In summary, the paradigm shift the practice made in smart sourcing key task created a stable and profitable medical practice for our practice. To find out how MedBiz Partners can help your revenue stream and increase profits for your medical practice, talk with CEO Richard Maynard at 727-785-3050 ext 224 or visit online at www.MedBizPartners.com.
Tip #1. Save time selecting a patient’s lab or radiology company. Set practice or patient-level settings to automatically default a specific lab or radiology company based on practice preference (practice defaults), insurance company preference (EMR—Labs, DI & Procedures), or patient preference (patient demographics).
Tip #2. Take advantage of some built-in features. Utilize order sets and eCliniSense to quickly get to orders that you commonly prescribe for a patient that are triggered by a specific diagnosis. Create lab, diagnostic image and procedures “Favorites” lists and copy to other providers and staff through, “Misc. Configuration Options.”
Tip #3. Prepare ahead of time. Create a pre-clinic workflow where the provider, or someone else, reviews patient charts from the upcoming schedule. Preload orders that are routine for that patient or for that visit type. Don’t forget to make use of pre-set templates that contain orders and merge them into progress notes during pre-clinic, or during the patient encounter. Templates can also be configured to automatically populate into a note by tying them to a chief complaint.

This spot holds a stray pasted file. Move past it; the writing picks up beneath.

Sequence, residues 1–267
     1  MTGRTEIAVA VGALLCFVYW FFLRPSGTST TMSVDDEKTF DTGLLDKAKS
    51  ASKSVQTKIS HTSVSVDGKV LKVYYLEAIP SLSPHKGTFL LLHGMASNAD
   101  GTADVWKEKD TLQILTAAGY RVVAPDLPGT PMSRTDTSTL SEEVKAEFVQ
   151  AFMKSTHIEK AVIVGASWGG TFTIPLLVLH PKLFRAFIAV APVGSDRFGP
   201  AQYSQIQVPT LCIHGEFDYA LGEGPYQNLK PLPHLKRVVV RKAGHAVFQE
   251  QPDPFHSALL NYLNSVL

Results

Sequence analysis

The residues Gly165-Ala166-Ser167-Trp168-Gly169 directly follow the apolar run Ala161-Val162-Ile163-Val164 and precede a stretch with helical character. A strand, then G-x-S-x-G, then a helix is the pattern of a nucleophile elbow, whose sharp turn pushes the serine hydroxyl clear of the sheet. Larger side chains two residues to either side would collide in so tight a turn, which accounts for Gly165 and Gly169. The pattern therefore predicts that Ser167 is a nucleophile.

Tip #4. Configure defaults for orders per user. From the lab, and then the diagnostic image and procedures order screens in treatment, click on the, “My Defaults” button to set preferences for default location (in-house vs. send out), search filter (contains vs. starts with), and set “Favorites” as a default, if desired.
Tip #5. Maximize efficiency on the fly. Set up lab and diagnostic image aliases with acronyms (MMA—Male Medicare Annual, for example), so that users can choose to search by “alias name,” instead of “order name.” Once the acronym is entered, all the orders configured in that alias will drop into the orders. Also, when repeating a lab or radiology order for a patient, click on the “previous orders” button near the top right—make sure the company is selected as “All”—and click on any individual previous orders to quickly re-order them.